Wednesday, November 30, 2005

Welcome to the Future

First there was the Internet,
already predicted (among many other facets of 21st-century life!) in its contemporary form by David Brin in his novel Earth.

And then we partied like it's 1999!
(that's Will Smith's brilliant takeoff on Prince's "1999")

Then we had our first hand transplant.
Amusingly enough, not long after the newsworthy procedure took place, a certain science-fiction TV show that shall go unnamed had an episode in which a character was unrecoverably injured in their hand. Or lost their hand in an accident. Or something along those lines. Anyway, part of the plot was trying to deal with the loss of the hand, and the flaky attempts to use crappy mechanical replacements. So I'm watching this episode, and thinking, why the heck don't they just give the guy a hand transplant?

So now I hear about this face transplant in France?
Barukh hu’ haborei’ — avinu, bore’einu, yotzereinu, hatzayar ha‘elyon — asher hhalaq mikohhotav lebanav!

However, I am proud to say that the clearest sign that we are now living in the Future is part of a homework assignment written by one of my students. As an 'everyday example' of how a historical gap can complicate attempts to understand and interpret a text or other form of communication, one of them wrote:
"If I was talking to someone from the 20th century it would be hard for me to understand how the world was back then.
[However,] if I was talking to Sam who is from my century we would understand each other."

Tuesday, November 29, 2005

המחזיר נשמות

Yall may remember my post אלוהיי נשמה from almost three weeks ago about an article in the Autumn 5766/2005 issue of Azure. In Soul of Fire: A Theory of Biblical Man, Ethan Dor-Shav describes a theory of the soul based on a close reading of the different uses of terms for 'soul' in the Tanakh.

Anyway, as an aid to help me remember the theory (since it's so cool), I made up a convenient table, charting out the different souls, elements, and associations laid out in Dor-Shav's article.

And guess what?

Only a few days later, I get an email from the Shalem Center — the people who publish Azure — saying that the article's author appreciated the chart I made! They also encouraged me to write a letter to the editor, but the one question I had about the content of the article was quickly answered by pointing me to the footnotes. They also offered to send me a free copy of the issue with the article in it!

My Azure arrived yesterday.

Thanks, Shalem Center people!

Wednesday, November 23, 2005


16 kisleiv 5765

i am proud to be an american
i am ashamed to be an american

blood on red coats
and on "red" skins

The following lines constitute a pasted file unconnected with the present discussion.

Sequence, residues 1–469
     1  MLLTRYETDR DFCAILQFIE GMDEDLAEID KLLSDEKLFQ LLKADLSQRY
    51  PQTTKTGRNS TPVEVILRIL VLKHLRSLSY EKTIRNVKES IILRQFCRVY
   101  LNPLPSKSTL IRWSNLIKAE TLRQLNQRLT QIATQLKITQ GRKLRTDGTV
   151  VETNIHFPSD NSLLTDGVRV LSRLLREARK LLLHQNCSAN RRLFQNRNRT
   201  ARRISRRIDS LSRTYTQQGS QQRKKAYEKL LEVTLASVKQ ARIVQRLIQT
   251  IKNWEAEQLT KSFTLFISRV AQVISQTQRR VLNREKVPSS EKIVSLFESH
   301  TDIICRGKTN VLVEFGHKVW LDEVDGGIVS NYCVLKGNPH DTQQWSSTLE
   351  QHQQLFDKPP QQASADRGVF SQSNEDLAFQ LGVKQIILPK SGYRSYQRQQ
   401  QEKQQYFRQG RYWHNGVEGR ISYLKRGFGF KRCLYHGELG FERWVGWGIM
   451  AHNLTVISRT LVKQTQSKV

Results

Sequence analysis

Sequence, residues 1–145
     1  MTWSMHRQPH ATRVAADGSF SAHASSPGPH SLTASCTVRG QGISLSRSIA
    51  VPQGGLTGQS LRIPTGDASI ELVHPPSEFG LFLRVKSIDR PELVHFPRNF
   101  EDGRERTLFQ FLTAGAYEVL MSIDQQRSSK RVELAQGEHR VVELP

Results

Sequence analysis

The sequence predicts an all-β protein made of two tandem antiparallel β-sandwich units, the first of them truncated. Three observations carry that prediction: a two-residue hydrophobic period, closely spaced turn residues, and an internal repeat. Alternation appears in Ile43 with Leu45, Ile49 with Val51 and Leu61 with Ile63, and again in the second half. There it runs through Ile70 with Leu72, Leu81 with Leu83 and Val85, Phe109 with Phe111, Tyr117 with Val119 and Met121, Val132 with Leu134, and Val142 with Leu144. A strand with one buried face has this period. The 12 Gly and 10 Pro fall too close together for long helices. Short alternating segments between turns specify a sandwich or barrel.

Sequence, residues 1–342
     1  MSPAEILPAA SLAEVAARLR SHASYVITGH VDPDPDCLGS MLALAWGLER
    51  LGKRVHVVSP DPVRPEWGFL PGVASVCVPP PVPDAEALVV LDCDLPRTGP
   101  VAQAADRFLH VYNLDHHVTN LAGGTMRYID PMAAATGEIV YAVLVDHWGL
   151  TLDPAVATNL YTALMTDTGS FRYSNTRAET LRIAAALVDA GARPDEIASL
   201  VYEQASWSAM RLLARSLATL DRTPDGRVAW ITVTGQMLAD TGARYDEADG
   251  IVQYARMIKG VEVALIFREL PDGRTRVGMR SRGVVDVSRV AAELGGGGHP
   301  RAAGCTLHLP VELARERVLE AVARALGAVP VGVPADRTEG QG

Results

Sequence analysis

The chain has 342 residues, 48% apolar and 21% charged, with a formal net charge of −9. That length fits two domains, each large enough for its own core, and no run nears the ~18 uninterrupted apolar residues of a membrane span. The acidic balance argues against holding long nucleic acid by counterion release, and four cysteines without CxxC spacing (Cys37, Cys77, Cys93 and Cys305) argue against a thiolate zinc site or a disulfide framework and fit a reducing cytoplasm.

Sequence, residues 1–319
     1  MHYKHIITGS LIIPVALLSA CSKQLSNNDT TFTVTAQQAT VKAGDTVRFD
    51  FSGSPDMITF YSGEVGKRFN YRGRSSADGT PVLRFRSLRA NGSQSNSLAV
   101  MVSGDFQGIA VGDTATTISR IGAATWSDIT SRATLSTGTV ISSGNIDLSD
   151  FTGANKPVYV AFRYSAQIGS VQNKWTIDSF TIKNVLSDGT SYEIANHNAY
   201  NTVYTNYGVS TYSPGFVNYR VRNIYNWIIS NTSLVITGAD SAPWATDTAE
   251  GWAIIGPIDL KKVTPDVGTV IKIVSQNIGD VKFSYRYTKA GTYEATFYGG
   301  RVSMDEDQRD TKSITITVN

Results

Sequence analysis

skin beating down the black

as the sky over new york city
slivers between the skyscrapers
when it's not too cloudy to see

from the rising-place of the sun
unto the place it sets
from sea to shining sea
i am america
born in sin
raised on the streets
drunk on destiny
clouded by hubris

trying to do the right thing
in a wrong wrong world

i am older now
i see things through many eyes
things as they might have been
and i slouch towards a distant future
hoping to be reborn

Monday, November 21, 2005

This Won't Ruin Our Rep, Will It?

As we all know, New York City has a reputation for being a tough place. Full of graffiti and crime, bad drivers and pushy people, it's so bad that when my New York-raised father was living out in the Southwest during his 20's, parents wouldn't let him date their daughters because they assumed that anyone from Brooklyn must be a thug!

As expressed in the musical Rent:
New York City —
center of the universe!
Times are sh—y,
but I'm pretty sure they can't get worse.
It's a comfort to know,
when you're singing the hit-the-road blues,
that anywhere else you could possibly go
after New York would be
a pleasure cruise...

Or as the rap artist Lil Kim sings
about my home borough of Brooklyn:
...know who you f— with
Brooklyn don't run, we run s—
roll up and just bum rush it
we don't play that
out in BK not at all
four pound leave your face on a wall
RIP in memory of
never show thy enemies love
we get it on where we live
better have a pass when you cross that bridge
welcome to Brooklyn...

But how are we supposed to keep up our tough guy reputation when our own local news station reports something like this?!
November 21, 2005

New York has boasted being one of the country's safest cities for years, and now it has more proof.

According to a new survey, New York is among the top five safest large cities in the nation. The study was done by a Kansas-based group which ranks cities in six categories, including the number of murders, rapes and other violent crimes.

The survey shows that among cities with more than 500,000 people, New York comes in fourth behind San Jose, California; El Paso, Texas; and Honolulu. Austin, Texas, rounded out the top five.

On the other end of the spectrum, the most dangerous large city, according to the survey, is Detroit, followed by Baltimore and Washington D.C.

Camden, New Jersey, was listed as the most dangerous city overall for the second year in a row.

Oh well. Welcome to wimpyville. Aloha, Honolulu.

Sunday, November 20, 2005

No This Is Not Tobypalooza
(Defending Uncle Ishmael)